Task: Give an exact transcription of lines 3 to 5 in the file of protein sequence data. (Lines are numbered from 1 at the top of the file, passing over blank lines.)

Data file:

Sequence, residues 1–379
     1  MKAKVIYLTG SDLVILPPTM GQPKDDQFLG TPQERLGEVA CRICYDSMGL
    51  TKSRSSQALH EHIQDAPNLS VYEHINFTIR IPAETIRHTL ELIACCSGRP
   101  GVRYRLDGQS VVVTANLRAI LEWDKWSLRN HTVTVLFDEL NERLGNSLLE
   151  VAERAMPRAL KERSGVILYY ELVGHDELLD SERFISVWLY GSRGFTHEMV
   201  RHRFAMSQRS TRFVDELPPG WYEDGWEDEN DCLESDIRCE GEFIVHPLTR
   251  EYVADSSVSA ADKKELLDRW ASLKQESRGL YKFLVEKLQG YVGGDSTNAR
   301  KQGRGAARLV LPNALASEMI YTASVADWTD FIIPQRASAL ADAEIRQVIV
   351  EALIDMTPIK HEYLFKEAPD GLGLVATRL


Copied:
    51  TKSRSSQALH EHIQDAPNLS VYEHINFTIR IPAETIRHTL ELIACCSGRP
   101  GVRYRLDGQS VVVTANLRAI LEWDKWSLRN HTVTVLFDEL NERLGNSLLE
   151  VAERAMPRAL KERSGVILYY ELVGHDELLD SERFISVWLY GSRGFTHEMV